Skip to main content
Dryad logo

Brain size predicts learning abilities in bees

Citation

Collado, Miguel Ángel et al. (2021), Brain size predicts learning abilities in bees, Dryad, Dataset, https://doi.org/10.5061/dryad.mpg4f4qxw

Abstract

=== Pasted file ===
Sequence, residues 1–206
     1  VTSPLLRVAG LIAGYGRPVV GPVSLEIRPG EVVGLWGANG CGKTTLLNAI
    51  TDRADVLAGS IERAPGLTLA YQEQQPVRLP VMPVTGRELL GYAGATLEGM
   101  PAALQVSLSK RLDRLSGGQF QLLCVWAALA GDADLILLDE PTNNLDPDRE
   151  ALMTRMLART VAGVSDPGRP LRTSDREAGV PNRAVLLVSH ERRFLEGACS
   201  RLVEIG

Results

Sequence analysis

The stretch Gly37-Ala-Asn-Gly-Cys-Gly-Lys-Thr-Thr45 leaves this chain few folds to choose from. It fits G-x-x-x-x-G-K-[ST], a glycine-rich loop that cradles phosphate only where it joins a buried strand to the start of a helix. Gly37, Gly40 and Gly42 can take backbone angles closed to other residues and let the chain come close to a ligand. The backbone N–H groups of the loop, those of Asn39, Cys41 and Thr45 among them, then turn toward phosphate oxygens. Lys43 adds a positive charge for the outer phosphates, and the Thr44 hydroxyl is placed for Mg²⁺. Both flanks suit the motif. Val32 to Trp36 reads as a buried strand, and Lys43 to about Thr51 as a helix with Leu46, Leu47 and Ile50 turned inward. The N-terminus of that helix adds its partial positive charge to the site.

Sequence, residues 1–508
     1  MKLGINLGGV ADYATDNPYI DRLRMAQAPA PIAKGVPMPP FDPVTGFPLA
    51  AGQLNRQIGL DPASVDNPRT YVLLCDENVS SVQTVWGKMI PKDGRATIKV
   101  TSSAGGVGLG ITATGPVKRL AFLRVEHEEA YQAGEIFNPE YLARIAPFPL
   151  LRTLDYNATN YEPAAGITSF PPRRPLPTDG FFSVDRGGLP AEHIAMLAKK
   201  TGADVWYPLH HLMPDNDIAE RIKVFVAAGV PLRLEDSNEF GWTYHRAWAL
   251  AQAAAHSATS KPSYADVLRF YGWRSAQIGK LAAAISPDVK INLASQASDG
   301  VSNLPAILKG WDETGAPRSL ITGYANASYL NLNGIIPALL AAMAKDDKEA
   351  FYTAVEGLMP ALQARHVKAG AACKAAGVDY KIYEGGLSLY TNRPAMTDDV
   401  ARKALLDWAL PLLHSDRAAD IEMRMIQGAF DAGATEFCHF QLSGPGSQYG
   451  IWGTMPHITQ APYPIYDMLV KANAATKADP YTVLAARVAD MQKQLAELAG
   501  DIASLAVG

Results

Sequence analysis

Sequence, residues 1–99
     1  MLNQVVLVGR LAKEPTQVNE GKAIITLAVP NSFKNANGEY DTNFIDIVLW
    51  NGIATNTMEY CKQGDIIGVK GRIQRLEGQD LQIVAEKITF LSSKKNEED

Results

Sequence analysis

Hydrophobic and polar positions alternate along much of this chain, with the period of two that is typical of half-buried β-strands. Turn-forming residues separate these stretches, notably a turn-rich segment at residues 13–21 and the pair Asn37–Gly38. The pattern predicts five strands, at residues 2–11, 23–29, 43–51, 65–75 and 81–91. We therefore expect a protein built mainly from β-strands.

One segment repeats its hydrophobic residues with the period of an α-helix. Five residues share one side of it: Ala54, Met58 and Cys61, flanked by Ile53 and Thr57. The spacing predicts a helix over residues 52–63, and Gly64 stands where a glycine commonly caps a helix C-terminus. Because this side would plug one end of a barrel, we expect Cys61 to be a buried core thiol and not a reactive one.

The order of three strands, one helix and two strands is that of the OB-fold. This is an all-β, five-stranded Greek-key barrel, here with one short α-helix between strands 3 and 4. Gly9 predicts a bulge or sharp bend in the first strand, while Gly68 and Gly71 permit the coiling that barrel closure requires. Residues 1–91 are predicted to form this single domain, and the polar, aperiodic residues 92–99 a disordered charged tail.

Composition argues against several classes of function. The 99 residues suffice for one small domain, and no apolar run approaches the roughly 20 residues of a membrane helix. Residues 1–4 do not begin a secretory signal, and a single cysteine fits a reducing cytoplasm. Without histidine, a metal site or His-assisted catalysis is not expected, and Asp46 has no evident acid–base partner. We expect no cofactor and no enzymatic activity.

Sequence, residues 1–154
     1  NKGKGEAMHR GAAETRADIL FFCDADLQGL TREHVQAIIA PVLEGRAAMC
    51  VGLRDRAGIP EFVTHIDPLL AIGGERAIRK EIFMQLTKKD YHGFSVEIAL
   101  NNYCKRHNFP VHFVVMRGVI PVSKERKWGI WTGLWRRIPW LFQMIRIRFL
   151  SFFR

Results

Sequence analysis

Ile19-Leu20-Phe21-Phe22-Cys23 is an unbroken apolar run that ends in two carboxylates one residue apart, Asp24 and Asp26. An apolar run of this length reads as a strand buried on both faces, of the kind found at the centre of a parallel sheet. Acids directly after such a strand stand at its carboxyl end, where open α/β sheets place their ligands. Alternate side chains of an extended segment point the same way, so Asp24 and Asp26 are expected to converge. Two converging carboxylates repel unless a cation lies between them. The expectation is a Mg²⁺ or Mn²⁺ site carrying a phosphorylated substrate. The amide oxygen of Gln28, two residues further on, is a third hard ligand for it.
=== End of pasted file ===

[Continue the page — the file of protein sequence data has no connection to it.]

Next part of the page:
When it comes to the brain, bigger is generally considered better in terms of cognitive performance. While this notion is supported by studies of birds and primates showing that larger brains improve learning capacity, similar evidence is surprisingly lacking for invertebrates. Although the brain of invertebrates is smaller and simpler than that of vertebrates, recent work in insects has revealed enormous variation in size across species. Here, we ask whether bee species that have larger brains also have higher learning abilities. We conducted an experiment in which field-collected individuals had to associate an unconditioned stimulus (sucrose) with a conditioned stimulus (colored strip). We found that most species can learn to associate a color with a reward, yet some do so better than others. These differences in learning were related to brain size: species with larger brains — both absolute and relative to body size— exhibited enhanced performance to learn the reward-color association. Our finding highlights the functional significance of brain size in insects, filling a major gap in our understanding of brain evolution and opening new opportunities for future research.